Friday, September 12, 2014

The shame of wrongful convictions

The words “wrongful conviction” were an unfamiliar phrase to me until 1995. That seems strange when one considers that I spent nearly 30 years in and out of broadcast newsrooms. But events that began in 1995 dramatically changed my life. And that is why, when contacted by my dear friend Win Wahrer from AIDWYC, I immediately responded with HFP support for what is being called WRONGFUL CONVICTION DAY. This informal day will be observed on October 2, and it prompts me to make a few comments about this sad subject.

My life was never the same after I developed a friendship with the late Maurice Carter, a dear soul who claimed wrongful conviction. For the next 9 years I joined him in a battle for freedom. The story is now told in a book called SWEET FREEDOM, and in a stage play called JUSTICE FOR MAURICE HENRY CARTER.

Here are some staggering statistics that you should be aware of.

Years ago, a study in Ohio determined already back then, that some 10,000 innocent people were convicted every year in the United States!

A recent study estimates that about 4% of the people on death row in the U.S. are innocent!

Our attorney friend Jim Samuels, who helped free a guy thanks to DNA testing, reports that 320 prisoners have been freed by these scientific tests which proved their innocence!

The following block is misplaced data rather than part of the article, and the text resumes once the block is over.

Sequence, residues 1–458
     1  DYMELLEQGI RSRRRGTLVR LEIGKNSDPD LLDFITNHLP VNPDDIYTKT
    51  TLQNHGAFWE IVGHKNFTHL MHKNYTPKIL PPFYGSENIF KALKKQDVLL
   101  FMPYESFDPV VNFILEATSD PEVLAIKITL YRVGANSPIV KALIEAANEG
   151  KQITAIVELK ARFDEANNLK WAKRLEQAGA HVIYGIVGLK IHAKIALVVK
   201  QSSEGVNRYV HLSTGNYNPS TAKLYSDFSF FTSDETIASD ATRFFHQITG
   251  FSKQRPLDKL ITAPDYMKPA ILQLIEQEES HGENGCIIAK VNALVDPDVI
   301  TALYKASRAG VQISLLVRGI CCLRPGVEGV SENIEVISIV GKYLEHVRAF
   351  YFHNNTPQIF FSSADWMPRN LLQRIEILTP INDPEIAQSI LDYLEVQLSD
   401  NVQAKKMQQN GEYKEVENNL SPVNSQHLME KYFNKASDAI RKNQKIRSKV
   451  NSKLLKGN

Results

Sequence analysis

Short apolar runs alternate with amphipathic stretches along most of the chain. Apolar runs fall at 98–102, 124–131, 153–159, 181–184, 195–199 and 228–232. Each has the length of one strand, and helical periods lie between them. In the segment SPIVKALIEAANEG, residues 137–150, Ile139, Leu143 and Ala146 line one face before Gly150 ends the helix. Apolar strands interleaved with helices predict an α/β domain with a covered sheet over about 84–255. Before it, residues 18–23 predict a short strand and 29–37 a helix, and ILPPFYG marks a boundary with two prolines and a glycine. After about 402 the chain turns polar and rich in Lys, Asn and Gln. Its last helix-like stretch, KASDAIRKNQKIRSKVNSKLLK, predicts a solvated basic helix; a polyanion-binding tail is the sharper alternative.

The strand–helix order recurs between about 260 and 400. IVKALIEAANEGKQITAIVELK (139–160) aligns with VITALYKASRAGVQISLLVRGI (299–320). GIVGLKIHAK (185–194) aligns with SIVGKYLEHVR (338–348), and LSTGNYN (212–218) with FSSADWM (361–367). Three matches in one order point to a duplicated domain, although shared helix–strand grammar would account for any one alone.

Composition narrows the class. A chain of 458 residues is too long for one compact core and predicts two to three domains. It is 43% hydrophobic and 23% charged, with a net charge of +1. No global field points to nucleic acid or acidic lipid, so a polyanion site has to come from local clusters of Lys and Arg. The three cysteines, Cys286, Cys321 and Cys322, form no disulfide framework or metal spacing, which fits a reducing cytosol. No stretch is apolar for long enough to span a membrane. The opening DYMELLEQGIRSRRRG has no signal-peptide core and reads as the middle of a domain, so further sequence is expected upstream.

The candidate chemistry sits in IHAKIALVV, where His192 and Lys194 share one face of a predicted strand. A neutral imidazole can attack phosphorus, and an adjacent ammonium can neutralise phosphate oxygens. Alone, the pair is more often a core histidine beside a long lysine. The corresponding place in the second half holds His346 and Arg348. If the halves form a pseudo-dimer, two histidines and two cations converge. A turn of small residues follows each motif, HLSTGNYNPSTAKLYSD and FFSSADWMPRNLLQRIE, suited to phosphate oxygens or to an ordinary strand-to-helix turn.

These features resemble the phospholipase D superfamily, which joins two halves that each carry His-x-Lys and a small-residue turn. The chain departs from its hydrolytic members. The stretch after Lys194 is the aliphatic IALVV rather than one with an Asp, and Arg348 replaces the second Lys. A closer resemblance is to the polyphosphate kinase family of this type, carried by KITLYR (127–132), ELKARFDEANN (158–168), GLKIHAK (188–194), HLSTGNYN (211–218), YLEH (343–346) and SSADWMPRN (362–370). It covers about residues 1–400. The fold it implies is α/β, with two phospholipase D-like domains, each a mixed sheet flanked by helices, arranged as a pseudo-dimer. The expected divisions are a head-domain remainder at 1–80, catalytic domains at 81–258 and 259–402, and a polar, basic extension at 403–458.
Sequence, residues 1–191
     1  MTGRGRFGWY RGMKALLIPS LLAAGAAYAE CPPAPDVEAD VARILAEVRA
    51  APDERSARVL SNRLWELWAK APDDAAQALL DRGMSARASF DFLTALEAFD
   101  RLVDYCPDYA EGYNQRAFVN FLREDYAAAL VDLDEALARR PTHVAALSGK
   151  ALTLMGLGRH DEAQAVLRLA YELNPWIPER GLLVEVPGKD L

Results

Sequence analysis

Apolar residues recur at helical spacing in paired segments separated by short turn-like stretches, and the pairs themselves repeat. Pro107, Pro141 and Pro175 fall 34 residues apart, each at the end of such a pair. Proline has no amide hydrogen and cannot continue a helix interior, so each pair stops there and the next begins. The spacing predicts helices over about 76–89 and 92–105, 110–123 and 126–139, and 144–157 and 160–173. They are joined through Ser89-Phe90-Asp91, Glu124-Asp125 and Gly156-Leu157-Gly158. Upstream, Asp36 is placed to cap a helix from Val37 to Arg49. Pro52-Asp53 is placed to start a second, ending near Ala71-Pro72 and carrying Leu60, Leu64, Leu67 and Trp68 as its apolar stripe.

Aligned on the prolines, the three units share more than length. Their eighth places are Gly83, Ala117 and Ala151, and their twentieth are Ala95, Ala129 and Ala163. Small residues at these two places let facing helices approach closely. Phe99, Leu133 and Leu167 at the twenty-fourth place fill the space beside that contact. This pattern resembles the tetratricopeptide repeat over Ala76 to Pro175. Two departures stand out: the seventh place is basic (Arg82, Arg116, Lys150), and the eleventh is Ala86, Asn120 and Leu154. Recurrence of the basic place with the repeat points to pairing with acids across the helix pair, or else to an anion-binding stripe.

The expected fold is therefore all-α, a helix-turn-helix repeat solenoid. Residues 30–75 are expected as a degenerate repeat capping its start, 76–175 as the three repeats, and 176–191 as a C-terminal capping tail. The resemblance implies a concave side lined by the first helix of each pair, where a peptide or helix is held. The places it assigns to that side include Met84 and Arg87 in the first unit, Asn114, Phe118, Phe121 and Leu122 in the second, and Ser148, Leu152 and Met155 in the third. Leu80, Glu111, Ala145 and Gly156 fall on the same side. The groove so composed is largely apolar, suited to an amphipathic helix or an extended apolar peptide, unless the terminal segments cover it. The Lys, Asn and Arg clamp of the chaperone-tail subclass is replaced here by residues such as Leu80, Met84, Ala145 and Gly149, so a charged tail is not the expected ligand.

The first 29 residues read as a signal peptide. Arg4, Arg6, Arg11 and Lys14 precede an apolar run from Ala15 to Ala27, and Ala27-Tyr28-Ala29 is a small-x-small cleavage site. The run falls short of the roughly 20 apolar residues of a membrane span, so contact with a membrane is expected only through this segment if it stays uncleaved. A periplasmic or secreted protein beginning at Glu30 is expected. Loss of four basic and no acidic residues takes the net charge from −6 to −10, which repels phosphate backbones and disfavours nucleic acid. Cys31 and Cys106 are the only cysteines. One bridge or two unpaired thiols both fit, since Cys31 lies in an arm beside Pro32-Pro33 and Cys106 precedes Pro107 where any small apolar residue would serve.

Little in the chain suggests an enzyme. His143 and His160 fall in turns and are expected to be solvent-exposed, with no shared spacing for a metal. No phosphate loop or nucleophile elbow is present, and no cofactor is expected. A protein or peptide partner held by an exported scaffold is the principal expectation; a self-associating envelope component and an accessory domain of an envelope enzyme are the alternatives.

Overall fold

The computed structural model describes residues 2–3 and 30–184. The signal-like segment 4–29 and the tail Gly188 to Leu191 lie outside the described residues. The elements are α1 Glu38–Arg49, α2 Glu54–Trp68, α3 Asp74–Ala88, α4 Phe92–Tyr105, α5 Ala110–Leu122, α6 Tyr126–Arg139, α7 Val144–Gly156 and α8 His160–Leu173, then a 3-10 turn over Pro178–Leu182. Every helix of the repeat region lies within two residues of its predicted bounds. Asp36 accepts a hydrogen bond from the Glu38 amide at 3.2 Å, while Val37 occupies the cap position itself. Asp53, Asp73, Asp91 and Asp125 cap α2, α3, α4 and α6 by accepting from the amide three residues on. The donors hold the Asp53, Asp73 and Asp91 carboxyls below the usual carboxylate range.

Here’s the thing we’re forgetting: These are not numbers; they are people…real live human beings very much like you and me.

I’m among a small group who can attest to this first-hand.

My friend, who later became my brother, served 29 years for a crime he did not commit. There was no biological evidence for DNA testing to clear him. There wasn’t any evidence to convict him, either…but that made no difference. I was a personal witness to some of the shortcomings of our judicial system.

Another friend, for whom I later served as spiritual advisor, was not only wrongly convicted in the State of Texas, but also wrongly executed. My essay, describing the murder by the state that I witnessed, made the front page of a special section of the Grand Rapids Press.

These two experiences were life-changing. I share them, not to boast. I am just ashamed that the system in this wonderful country cannot do any better than that.

So here’s the strong reminder. When reading statistics, remember that we’re talking about sons and daughters, brothers and sisters, mothers and fathers.

As we observe WRONGFUL CONVICTION DAY on October 2, please join me in asking God forgive us for our shortcomings, and seeking God’s blessing and guidance in helping to bring about change.

2 comments:

morrisonbonpasse said...

Dear Doug,
Well spoken, and many thanks for your amazing work over the years for the wrongly convicted.
One correction at the end, however. I believe that Wrongful Conviction Day is October 2, 2014.
Respectfully,
Morrison Bonpasse

Doug Tjapkes said...

Thanks for catching that...have it corrected now. Blessings Doug